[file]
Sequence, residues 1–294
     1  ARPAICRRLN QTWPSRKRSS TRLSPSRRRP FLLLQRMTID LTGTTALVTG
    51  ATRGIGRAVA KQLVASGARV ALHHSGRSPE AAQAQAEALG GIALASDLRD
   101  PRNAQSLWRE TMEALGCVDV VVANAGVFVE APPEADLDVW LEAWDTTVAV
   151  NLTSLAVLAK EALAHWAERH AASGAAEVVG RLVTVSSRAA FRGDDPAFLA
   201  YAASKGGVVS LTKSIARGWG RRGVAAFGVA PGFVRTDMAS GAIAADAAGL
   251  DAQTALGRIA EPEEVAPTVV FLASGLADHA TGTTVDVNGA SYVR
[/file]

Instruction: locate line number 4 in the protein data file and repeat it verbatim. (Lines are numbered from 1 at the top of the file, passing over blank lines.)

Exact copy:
   101  PRNAQSLWRE TMEALGCVDV VVANAGVFVE APPEADLDVW LEAWDTTVAV